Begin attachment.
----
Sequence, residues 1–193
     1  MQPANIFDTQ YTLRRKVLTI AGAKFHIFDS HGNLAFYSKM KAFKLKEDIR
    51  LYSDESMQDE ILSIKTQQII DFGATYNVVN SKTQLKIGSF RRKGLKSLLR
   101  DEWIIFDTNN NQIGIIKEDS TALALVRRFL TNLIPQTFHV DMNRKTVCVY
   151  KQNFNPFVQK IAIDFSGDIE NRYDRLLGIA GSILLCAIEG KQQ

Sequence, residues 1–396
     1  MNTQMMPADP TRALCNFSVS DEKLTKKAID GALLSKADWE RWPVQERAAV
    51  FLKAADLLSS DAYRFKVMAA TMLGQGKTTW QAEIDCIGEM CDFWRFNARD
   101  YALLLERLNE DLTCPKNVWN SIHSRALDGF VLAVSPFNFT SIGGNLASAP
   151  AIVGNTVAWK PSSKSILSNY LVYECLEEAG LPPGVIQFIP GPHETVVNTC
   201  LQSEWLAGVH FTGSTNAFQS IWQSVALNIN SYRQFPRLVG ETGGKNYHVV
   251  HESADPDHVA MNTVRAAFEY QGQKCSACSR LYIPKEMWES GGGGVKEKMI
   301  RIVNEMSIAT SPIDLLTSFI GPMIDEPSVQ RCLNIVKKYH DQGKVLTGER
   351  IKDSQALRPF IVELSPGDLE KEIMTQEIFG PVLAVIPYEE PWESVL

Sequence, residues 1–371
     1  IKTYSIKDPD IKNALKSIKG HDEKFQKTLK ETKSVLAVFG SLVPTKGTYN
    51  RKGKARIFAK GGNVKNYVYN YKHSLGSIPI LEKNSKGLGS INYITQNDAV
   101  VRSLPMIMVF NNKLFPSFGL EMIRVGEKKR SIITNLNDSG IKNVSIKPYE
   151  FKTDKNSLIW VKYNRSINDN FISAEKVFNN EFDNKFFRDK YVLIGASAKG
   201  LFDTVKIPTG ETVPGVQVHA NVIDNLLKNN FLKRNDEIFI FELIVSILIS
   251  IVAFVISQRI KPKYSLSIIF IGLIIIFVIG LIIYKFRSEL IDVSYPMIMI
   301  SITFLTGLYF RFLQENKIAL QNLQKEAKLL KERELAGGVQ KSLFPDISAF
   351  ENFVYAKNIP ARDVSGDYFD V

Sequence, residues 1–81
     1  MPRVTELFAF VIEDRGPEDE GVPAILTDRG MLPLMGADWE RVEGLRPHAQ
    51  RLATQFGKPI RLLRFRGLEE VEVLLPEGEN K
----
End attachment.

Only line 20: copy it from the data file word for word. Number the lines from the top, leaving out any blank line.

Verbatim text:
   201  LFDTVKIPTG ETVPGVQVHA NVIDNLLKNN FLKRNDEIFI FELIVSILIS